Resolution on Lyme disease (Borreliosis)  
2018/2774(RSP) - 15/11/2018  

The European Parliament adopted a resolution tabled by the Committee on Environment, Public Health and Food Safety on Lyme disease (Borreliosis).

The resolution was tabled by the EPP, S&D, ECR, ALDE, and Greens/EFA groups.

Noting that there is no European consensus on the treatment, diagnosis and screening of Lyme disease, Parliament expressed its concern at the alarming proportions of the spread of Lyme disease in the European population, with around 1 million citizens suffering from the disease according to the census methods used.

Whilst welcoming the funding allocated to date by the Union for research into the early detection and future treatment of Lyme borreliosis (some EUR 16 million through projects such as ANTIDotE, ID-LYME and LYMEDIADEX), Members called for additional funding of the methods for diagnosing and treating Lyme disease.

They asked the Commission to draw up a European plan to combat Lyme disease that is commensurate with the seriousness of this silent epidemic, and encouraged the set-up of a European network on Lyme disease that includes relevant stakeholders.

Members noted that the true burden of Lyme borreliosis in the EU is unknown due to the lack of statistics on this disease and the very wide variety of applied case definitions, laboratory methods used and surveillance systems. Furthermore, Lyme disease is still under diagnosed, in particular because of the difficulties encountered in the detection of symptoms and the absence of appropriate diagnostic tests. Under these circumstances, Parliament called on the Commission to:

  • collect as much information as possible on Lyme disease screening methods or on treatments administered in the Member States;
  • facilitate cooperation and the exchange of best practices among Member States in terms of the monitoring, diagnosis and treatment of Lyme disease;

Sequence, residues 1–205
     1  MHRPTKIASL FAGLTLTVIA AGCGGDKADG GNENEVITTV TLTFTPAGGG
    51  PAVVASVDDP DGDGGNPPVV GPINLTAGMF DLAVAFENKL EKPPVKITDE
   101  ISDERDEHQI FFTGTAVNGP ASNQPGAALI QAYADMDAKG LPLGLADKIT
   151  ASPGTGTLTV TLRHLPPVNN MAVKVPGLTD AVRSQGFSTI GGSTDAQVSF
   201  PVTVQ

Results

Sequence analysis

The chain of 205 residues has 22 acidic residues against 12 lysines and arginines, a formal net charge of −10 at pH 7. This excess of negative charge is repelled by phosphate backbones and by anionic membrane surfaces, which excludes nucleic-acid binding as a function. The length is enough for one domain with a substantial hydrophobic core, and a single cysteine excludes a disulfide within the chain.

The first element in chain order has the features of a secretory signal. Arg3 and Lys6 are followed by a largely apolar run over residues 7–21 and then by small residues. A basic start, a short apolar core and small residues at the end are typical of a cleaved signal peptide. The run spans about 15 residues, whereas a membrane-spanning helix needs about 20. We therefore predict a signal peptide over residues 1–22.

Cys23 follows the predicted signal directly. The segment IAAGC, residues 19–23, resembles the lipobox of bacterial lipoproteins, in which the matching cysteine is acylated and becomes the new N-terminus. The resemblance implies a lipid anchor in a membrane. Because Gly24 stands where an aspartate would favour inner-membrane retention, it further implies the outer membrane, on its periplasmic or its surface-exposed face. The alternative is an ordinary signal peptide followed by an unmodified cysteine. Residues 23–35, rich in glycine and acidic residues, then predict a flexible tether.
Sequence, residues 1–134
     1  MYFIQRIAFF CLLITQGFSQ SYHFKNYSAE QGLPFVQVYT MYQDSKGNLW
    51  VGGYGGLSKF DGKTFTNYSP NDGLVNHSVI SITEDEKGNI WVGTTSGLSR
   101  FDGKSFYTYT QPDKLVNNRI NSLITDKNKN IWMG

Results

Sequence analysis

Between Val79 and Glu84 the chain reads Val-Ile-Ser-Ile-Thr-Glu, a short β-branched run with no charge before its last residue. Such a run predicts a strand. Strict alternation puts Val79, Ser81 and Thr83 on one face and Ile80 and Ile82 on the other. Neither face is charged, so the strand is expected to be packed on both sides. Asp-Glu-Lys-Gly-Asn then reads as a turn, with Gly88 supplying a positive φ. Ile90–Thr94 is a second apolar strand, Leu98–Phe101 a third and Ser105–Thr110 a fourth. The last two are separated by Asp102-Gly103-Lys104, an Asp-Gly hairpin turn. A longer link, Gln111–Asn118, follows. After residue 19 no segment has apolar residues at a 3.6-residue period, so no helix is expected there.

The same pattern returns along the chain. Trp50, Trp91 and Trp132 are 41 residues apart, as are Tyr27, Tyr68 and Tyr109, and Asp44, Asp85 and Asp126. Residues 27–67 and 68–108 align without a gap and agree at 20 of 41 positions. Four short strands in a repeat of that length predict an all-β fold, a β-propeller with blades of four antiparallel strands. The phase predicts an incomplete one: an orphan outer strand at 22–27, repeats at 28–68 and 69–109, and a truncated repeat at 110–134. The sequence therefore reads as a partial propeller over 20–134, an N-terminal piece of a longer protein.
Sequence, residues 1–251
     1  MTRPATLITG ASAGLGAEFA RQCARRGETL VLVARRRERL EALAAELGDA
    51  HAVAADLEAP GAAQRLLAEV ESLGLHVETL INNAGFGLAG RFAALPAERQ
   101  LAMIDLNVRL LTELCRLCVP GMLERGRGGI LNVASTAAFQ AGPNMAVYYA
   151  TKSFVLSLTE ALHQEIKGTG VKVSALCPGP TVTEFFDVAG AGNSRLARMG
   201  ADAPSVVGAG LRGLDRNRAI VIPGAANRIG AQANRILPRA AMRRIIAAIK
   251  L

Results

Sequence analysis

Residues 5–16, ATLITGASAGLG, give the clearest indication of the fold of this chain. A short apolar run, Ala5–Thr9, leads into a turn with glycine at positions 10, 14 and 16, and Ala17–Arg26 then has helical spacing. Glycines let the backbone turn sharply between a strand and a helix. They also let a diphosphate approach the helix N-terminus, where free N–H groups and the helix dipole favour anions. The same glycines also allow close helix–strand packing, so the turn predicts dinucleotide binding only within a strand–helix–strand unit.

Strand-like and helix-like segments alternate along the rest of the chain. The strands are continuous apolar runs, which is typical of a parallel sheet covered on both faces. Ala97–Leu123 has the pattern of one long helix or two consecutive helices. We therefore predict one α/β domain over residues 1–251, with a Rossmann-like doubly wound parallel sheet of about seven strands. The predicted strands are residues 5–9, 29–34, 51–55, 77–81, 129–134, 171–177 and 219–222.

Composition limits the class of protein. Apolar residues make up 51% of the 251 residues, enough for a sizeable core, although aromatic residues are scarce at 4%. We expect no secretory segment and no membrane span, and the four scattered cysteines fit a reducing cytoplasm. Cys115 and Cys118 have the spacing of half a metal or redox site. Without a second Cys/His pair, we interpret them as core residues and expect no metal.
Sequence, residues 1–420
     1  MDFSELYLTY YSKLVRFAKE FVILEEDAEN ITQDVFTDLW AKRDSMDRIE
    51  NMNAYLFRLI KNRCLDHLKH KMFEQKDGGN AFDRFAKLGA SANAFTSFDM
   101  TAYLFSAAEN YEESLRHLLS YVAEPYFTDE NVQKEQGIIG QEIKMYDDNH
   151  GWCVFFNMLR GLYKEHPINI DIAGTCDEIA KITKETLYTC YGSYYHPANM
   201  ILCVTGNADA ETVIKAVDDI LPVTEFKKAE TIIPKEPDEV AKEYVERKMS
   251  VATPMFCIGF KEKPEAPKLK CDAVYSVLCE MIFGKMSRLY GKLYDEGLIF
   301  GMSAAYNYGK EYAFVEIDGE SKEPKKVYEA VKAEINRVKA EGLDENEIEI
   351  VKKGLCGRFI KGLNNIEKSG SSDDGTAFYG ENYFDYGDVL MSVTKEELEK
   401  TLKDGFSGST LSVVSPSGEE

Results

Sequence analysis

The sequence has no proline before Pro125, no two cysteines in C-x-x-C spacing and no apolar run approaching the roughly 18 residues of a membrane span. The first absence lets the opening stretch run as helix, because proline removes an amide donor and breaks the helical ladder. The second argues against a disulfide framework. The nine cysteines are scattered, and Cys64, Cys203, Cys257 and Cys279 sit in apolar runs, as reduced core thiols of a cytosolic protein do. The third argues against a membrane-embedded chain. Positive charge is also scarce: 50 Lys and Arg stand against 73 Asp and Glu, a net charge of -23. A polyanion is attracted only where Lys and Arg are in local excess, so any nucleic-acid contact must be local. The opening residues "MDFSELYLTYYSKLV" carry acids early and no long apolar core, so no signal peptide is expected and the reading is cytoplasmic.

• put in place uniform surveillance programmes and to work together with the Member States on facilitating the standardisation of diagnostic tests and treatments;
  • recognise borreliosis as an occupational disease for agricultural and forestry workers, as well as for field scientists (such as biologists, geologists, surveyors or archaeologists);
  • publish guidelines based on best practices within the EU with regard to the training of general practitioners so as to facilitate the diagnosis and screening of Lyme disease;
  • introduce preventive tests and a method for rapidly treating and monitoring the course of Lyme borreliosis infections among professionals in the agroforestry sector and scientists involved in gathering field data.

Parliament recalled that all Member States, to varying degrees, are experiencing an upsurge in Lyme borreliosis, and called for mandatory reporting in all Member States for promoting individual tick prevention and control measures in order to contain the spread of the Borrelia bacteria.

It also asked Member States, with the Commission’s support, to set up an information and awareness campaign to alert the population and all those concerned to the existence of Lyme disease, first and foremost in the regions most affected by its spread.

Lastly, Parliament welcomed Commission Implementing Decision (EU) 2018/945 on the communicable diseases and related special health issues to be covered by epidemiological surveillance as well as relevant case definitions that includes Lyme neuroborreliosis in the communicable diseases list.